of Bruce Arbit, one of the owners of AB
Data and a process he calls "ethnica-
tion." It's a process that allows AB Da-
ta's computers to figure out if a name is
Jewish.

Arbit began by counting all the
surnames in the United States' 70 mil-
lion households. Then, he matched
those up with the 80,000 Jewish sur-
names in the country. Viola, he came
up with the odds that a name is
Jewish. Thus, he can tell you that the
likelihood of a person named Smith
being Jewish is less than one percent.
On the other hand, a person named
Cohen is 85 percent likely to be a Jew.

With such information in hand,
Arbit and his computer can take any
list of names — from a phone book, a
medical directory, any source — and
pick out the names most likely to be
Jewish. AB Data now has on its list 60

percent of all the Jewish homes in the
United States.
The computer can take the names
on those lists and break them down by
profession, by congressional district,
by income, by what Jewish organiza-
tions they belong to. If we wanted,"
says Arbit, we could identify red-
haired, left-handed observant golfers."
What that means, says Arbit, is
that "Jews no longer live in little ghet-
tos with no one knowing where they
are. This identifies the Jewish corn-
munity." Groups interested in reach-
ing that community can thus connect
with those Jews "specifically, in their
homes." Which is why AB Data does 90
percent of the Jewish direct mail in the
United States, sending out more than
a million pieces of mail a month.
A good example of what it does,
and what effect that has, says co-
owner Jerry Benjamin, came last fall
when Lev Elbert, a Soviet Jewish re-
fusenik, was framed by Soviet officials
who planted hashish on him and then
charged him with drug smuggling.
Enter the Union of Councils for
Soviet Jews, a grass-roots organiza-
tion that links its members in the
United States with refuseniks in the
Soviet Union. It is a client of AB Data,
which sends out direct mail appeals for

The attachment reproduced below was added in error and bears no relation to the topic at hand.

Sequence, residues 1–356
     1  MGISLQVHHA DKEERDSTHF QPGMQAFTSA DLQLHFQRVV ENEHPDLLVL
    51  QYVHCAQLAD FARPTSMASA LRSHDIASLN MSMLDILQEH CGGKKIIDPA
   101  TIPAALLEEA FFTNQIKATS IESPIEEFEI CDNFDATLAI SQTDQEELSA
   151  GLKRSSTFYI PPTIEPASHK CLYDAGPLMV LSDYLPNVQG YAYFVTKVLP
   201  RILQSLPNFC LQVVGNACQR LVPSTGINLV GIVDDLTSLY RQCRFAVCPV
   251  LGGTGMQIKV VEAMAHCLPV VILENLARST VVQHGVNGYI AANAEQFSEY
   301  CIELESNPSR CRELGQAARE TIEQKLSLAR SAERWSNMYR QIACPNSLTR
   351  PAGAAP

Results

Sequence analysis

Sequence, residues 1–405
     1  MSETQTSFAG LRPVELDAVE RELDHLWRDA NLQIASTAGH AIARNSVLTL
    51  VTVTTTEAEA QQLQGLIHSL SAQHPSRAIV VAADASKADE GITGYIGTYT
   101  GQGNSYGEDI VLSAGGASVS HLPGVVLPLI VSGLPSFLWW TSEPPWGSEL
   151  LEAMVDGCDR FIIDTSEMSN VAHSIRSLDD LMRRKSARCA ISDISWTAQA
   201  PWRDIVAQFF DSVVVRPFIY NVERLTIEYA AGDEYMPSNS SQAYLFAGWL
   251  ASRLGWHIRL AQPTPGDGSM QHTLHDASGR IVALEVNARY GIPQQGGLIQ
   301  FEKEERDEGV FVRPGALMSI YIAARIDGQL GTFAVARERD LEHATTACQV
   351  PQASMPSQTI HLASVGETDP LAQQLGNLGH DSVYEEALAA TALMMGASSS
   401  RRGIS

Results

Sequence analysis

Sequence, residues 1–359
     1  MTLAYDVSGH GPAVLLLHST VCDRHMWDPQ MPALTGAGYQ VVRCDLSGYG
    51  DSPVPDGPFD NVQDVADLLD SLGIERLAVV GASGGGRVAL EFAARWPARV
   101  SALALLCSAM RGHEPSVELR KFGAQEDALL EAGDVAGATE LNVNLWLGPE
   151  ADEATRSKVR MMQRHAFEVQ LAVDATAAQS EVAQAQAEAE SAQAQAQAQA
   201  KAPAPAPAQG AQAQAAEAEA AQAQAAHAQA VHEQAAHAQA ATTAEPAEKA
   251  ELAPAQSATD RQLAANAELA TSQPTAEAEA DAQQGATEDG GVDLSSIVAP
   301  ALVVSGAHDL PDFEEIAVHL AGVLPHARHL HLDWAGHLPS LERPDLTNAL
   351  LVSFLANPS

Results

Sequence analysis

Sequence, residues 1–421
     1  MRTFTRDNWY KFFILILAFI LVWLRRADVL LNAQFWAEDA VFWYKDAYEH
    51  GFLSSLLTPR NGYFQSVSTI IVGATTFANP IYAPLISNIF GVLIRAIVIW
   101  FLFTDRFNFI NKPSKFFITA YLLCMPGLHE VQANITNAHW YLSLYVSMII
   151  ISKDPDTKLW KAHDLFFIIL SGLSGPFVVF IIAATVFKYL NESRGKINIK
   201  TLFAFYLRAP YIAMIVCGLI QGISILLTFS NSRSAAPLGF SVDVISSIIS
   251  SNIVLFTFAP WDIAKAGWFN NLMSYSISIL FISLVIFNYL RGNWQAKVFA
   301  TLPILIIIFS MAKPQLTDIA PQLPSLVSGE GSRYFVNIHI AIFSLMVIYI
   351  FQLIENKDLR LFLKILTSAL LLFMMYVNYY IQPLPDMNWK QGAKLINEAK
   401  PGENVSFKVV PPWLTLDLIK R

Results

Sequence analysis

new members. When someone joins,
they're assigned a refusenik. If the
new member agrees to adopt him, the
member is placed by the computer on
its "activists" track, as a person who
probably can be counted on to get in-
volved.

So it was, after Elbert was ar-
rested. His wife immediately called
UCSJ president Lynn Singer in Wash-
ington, who called AB Data in Mil-
waukee. AB Data wrote an im-
passioned letter outlining what had
happened and urging that telegrams
of protest be sent immediately to the
Russian Embassy in Washington.
Using its activist track, meaning
it didn't bother to send the plea to
members it couldn't be sure would re-
spond, AB Data had its letter in the
mail 24 hours after the call from
Singer and only three days after El-
bert's arrest. Seventy-two hours later,
Soviet Ambassador Dobrynin received
the first of more than 20,000 telegrams
of protest.
About two weeks later, in a very
unusual move, the charges against El-
bert were dropped.
"We don't know for sure if the

+.'. avkel

CORPOR&TpN

Act out a great episode of history
\ in this fast-action arcade game !

How to
Conduct a Seder

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71

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MINN

Learn about the holiday of
Chanukah with this
fun-filled study program.

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For Apple II - Ile
copyr,ght 1983

#1260

Davka Corp., the marketing arm of the Institue for Computers in Jewish Life, has produced more than 100 computer games such as these
to entertain and educate Jewish students.